BEMBO, Pietro

BEMBO, Pietro
Scholar, courtier, and, later in life, cardinal, Pietro Bembo was one of the foremost arbiters of Italian and Latin literary style of the sixteenth century. Bembo was the son of the Venetian diplomat Bernardo Bembo, himself a sig­nificant personality in his native city's intellectual and political community. Pie-tro studied Greek under Constantine Lascaris at Messina and philosophy under Pietro Pompanazzo at Padua and later fell in with the circle of scholars asso­ciated with the Venetian printer Aldus Manutius. Bembo resided in Ferrara from 1498, where he began a passionate, though epistolary, romance with Lucrezia Borgia, the wife of Alfonso d'Este. It was to her that Bembo dedicated his well-known Gli Asolani (1505), a dialogue on earthly and platonic love written in his trademark polished Italian. In 1506 he was lured to the celebrated court of Urbino, where his scholarly ability, gentility, and pleasant manner made him a popular figure and, eventually, a principal speaker in Baldesar Castiglione's* Il cortegiano (The Courtier).
In 1512 Bembo moved to Rome in the company of Giuliano de' Medici and was appointed papal secretary to Leo X,* Giuliano's brother, shortly afterwards. He was a natural addition to the community of artists, scholars, and socialites that Leo took pains to foster. Like his employer, Bembo tended to value the literary grace of pagan antiquity over the moral imperatives of Christianity; a famous anecdote has him advising Jacopo Sadoleto to avoid studying the Epis­tles of St. Paul too closely lest he become corrupted by their inferior style. An ubiquitous member of a distinguished circle that included Raphael,* Vittoria Colonna,* and the affluent Agostino Chigi, Bembo also became enamored of a young Roman woman named Morosina. Their long and affectionate relationship lasted twenty-two years, eventually producing three children.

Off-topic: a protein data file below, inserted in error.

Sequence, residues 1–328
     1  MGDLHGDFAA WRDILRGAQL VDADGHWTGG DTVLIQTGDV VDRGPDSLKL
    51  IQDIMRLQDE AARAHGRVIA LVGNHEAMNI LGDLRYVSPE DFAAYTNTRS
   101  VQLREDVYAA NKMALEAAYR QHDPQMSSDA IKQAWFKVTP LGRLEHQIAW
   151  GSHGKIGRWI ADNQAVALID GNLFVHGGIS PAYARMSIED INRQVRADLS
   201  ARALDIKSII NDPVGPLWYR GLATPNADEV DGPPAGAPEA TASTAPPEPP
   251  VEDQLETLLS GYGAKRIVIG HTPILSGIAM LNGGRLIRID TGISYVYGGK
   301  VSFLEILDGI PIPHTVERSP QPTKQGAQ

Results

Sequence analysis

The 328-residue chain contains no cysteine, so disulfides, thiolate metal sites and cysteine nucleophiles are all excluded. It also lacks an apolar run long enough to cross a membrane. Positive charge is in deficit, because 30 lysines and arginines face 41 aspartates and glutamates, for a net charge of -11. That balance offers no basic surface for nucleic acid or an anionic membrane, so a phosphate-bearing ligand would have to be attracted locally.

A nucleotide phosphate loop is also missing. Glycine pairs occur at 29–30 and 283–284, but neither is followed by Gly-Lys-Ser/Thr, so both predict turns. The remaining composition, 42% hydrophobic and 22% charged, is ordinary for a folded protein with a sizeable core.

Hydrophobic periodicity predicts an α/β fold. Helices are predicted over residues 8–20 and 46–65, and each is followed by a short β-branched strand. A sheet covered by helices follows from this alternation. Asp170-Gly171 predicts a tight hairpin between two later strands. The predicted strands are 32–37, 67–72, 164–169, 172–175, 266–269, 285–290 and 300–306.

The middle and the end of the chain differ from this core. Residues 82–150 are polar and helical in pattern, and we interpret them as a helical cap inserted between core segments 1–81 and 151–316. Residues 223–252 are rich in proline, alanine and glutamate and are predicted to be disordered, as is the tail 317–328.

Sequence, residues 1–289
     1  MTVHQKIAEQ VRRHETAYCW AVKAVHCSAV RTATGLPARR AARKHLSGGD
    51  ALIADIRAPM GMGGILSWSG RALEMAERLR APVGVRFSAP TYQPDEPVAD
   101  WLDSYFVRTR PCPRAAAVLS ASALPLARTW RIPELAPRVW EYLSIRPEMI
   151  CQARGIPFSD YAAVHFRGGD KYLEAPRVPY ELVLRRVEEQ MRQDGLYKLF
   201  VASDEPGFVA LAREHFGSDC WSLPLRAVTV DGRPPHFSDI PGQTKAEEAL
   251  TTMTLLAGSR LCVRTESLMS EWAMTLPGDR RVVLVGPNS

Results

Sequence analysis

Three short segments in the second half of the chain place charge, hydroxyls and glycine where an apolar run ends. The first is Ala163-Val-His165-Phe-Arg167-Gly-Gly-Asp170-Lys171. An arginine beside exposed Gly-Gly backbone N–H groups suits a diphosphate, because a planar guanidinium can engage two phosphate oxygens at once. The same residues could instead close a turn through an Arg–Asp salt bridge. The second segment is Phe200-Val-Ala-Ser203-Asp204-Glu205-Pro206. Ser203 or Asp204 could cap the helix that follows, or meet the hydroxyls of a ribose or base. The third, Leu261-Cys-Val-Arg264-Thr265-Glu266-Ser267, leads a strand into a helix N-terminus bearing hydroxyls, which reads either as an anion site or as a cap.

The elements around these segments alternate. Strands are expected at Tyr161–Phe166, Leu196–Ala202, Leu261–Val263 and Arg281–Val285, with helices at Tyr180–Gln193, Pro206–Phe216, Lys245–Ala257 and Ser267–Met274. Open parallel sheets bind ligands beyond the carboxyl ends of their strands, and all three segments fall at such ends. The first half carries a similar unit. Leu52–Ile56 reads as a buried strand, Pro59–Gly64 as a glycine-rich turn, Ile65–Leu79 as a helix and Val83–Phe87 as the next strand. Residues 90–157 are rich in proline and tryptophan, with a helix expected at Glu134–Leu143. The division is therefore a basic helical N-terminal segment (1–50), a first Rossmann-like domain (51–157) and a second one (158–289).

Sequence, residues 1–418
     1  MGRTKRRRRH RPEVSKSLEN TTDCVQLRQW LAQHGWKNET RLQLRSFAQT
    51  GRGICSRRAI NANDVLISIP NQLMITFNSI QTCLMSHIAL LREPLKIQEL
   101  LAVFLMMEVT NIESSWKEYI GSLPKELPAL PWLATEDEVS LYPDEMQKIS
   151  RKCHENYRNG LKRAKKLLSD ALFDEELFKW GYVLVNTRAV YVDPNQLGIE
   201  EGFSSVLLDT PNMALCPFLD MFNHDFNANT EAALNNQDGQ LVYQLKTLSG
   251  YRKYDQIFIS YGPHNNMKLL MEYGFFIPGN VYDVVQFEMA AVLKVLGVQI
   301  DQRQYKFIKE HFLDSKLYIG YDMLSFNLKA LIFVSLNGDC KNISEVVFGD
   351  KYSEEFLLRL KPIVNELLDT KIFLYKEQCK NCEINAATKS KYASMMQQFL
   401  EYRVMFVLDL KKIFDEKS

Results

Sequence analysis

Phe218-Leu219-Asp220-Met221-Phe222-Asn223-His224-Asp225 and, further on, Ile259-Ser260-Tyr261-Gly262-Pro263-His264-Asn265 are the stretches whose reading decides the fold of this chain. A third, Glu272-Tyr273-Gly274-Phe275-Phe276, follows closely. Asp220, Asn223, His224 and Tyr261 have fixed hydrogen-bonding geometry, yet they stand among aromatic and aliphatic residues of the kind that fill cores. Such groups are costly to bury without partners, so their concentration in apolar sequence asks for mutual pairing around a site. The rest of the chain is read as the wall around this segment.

Bembo remained in the papal service until 1519, when, in poor health, he retired to Padua to pursue his cultural interests. In 1522 he took minor orders and used the income from his ecclesiastical benefices to finance his household, which became a notable repository for fine art, antiquities, and books, as well as a popular haunt for artists and literati. It was while he was at the height of his influence in 1530 that he accepted a commission to pen the history of Venice (published in 1551) and was appointed librarian of St. Mark's Cathedral soon after. It may have been Morosina's death in 1535, however, that wrought a fundamental change in his personality. In time, he began to regard his religious duties with a more serious eye, applying himself to the scriptural study that he had once disdained. He was made a cardinal by Pope Paul III in 1539, bishop of Gubbio two years later, and lived as a model churchman until his death in 1547.
Bembo's fame derives largely from his role as the most influential dictator of style in Latin and Italian letters of his time. His endorsement of Ciceronian style as the standard for excellence in Latin manifests itself in the technical perfection of his correspondence and poetry and is outlined in his De imitatione (1513). Perhaps his most significant work was his Prose della volgar lingua (Prose in the vernacular tongue). Published in 1525, this was a significant con­tribution to the movement to establish the fourteenth-century Tuscan vernacular of Petrarch and Boccaccio as the model for Italian literary endeavor. Aside from his Gli Asolani, Bembo's other major works include De Aetna (1496) and Le rime (1530), as well as his editions of Petrarch's poetry (1501) and Dante's Commedia (1502), which he guided into print through the Aldine press.
P. Bembo, Gli Asolani, trans R. Gottfried, 1954.
G. Braden, "Applied Petrarchism: The loves of Pietro Bembo," Modern Language Quar­terly 57 (September 1996).
Michael J. Medwick

Renaissance and Reformation 1500-1620: A Biographical Dictionary. . 2001.

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